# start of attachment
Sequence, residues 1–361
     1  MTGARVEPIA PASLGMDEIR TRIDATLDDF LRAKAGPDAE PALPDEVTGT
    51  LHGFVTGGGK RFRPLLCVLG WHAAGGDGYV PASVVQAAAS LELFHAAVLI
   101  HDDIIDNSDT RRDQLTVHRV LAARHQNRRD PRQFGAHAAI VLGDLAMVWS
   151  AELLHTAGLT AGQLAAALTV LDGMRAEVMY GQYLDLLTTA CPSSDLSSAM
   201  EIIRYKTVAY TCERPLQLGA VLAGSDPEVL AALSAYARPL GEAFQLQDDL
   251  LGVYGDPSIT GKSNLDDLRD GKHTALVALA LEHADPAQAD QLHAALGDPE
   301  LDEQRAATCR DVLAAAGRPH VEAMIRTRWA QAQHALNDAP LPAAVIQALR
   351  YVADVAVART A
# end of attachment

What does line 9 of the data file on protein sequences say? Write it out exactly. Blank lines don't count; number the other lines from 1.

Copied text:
   351  YVADVAVART A